Arbroath father’s autism crusade
An Arbroath man’s plea for a national card to protect vulnerable autism sufferers is to be taken to the Scottish Parliament. Mark Davies’ son Eli, 11, has the condition.
A dad’s plea for a national card to protect vulnerable autism sufferers is to be taken to the corridors of power.
Mark Davies, whose 11-year-old son Eli has autism, raised the issue with Angus South SNP MSP Graeme Dey, who is now taking the matter to the Scottish Parliament.
The campaign received a further shot in the arm after it received the backing of Scottish Autism.
The card would help authorities and emergency services to better understand people with autistic behaviour.
A similar card has been introduced by the police in the Australian town of Albany.
Mr Davies, from Arbroath, said: “Many people with autism have significant issues with social interaction, and they may react in an unexpected way, which can appear to be aggressive especially if they are touched or grabbed, as this can be extremely distressing to them.
“This means that an otherwise ordinary contact with a police officer for example, could escalate very quickly, and see the person forcibly restrained,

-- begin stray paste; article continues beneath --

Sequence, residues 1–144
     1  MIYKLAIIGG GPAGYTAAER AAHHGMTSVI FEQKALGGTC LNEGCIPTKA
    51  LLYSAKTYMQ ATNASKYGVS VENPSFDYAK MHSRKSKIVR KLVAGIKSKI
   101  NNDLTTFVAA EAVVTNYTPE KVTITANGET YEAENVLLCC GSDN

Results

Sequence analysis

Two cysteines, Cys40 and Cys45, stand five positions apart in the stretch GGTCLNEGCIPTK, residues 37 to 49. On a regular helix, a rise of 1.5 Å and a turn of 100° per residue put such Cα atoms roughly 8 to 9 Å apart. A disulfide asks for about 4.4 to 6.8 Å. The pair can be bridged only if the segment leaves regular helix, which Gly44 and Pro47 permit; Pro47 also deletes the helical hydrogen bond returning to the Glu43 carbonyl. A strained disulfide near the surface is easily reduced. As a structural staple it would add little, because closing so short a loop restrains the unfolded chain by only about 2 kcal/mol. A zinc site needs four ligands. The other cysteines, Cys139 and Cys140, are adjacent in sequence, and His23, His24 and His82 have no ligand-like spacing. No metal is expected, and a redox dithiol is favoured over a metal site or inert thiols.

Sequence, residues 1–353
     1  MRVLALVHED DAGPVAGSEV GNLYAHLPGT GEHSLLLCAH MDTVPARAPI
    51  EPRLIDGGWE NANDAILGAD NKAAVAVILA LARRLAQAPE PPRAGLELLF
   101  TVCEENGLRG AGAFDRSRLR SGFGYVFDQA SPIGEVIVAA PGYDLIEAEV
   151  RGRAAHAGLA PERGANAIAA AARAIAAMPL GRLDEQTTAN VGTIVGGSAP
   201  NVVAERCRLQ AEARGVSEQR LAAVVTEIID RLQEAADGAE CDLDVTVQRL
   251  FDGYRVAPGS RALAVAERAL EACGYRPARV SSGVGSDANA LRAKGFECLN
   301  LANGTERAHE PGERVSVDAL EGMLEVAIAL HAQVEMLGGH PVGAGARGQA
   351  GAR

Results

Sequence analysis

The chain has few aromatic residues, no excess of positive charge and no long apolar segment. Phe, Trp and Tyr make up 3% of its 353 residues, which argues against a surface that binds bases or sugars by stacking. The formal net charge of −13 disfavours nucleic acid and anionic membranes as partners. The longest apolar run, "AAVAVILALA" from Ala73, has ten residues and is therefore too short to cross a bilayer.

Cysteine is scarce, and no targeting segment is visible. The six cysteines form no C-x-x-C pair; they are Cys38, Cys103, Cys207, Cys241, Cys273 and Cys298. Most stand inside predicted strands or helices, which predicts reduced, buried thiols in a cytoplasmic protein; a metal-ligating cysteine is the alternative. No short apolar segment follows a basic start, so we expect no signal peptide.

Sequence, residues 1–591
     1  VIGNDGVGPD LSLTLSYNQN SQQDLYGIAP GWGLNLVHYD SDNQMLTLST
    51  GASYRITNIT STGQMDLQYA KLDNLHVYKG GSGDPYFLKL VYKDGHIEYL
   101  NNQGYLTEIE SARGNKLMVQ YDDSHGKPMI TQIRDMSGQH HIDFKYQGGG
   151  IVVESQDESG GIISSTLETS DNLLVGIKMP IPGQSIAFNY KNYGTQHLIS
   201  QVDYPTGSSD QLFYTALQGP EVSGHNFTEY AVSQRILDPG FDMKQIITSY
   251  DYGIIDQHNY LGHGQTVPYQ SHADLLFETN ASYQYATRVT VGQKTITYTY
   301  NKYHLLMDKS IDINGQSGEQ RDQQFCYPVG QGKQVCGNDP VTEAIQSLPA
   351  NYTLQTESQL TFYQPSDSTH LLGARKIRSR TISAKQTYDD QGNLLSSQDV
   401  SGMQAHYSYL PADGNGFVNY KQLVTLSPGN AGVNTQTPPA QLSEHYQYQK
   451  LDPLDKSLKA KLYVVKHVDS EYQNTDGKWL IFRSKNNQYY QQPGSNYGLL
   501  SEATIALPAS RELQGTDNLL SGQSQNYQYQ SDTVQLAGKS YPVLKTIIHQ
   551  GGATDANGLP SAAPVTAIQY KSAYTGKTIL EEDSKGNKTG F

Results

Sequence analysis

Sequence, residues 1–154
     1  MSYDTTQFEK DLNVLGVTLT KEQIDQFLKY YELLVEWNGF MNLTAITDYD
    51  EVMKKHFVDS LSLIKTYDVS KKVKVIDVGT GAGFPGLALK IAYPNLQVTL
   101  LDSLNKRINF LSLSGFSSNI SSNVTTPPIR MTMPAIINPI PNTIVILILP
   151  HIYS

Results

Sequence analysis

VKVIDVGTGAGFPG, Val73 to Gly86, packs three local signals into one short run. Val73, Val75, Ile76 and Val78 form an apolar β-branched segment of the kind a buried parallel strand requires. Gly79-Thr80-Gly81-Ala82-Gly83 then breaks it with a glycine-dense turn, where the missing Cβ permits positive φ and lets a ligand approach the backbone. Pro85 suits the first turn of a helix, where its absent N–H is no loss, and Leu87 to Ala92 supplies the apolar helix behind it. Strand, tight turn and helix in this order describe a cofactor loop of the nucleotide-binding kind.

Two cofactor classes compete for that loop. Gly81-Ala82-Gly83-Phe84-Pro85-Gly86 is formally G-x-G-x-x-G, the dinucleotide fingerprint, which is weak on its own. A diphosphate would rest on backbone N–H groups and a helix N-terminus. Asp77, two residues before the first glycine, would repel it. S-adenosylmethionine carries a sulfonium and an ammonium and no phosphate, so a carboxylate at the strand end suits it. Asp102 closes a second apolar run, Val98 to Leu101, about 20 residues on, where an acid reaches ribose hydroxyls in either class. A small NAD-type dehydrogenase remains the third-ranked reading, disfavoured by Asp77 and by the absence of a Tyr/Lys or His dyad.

“Many people with autism have significant issues with social interaction and they may react in an unexpected way, which can appear tobe aggressive. MARK DAVIES
which makes the situation much worse.”
He added: “Although ‘unofficial’ cards are currently available, I believe that a government approved card, issued by a GP or other healthcare provider, which also carries emergency contact details, could be incredibly useful – not just for people with autism, but for those who interact with them in an official capacity.”
Mr Dey, who is deputy convener of the cross-party group (CPG) on autism in the Scottish Parliament said: “This strikes me as a very worthwhile proposal, deserving of detailed consideration.
“I’m sure it is something members of the CPG might want to consider the merits of, but I will also be writing to the Scottish Government to bring it to their attention.”
Charlene Tait, director of autism practice and research at Scottish Autism, said: “While we have been involved in some pilot projects to introduce autism aware cards in different regions of Scotland, we do feel there would be merit in developing a standard, nationwide card.
“Autism awareness training for those in some public-facing roles would also be beneficial to ensure autistic people get the right kind of support when it is required.
“Provided such an initiative was properly planned with the input of professional practitioners and the autistic community, it could be another helpful step forward in increasing the public of understanding of autism.”
Mark Davies and his son Eli.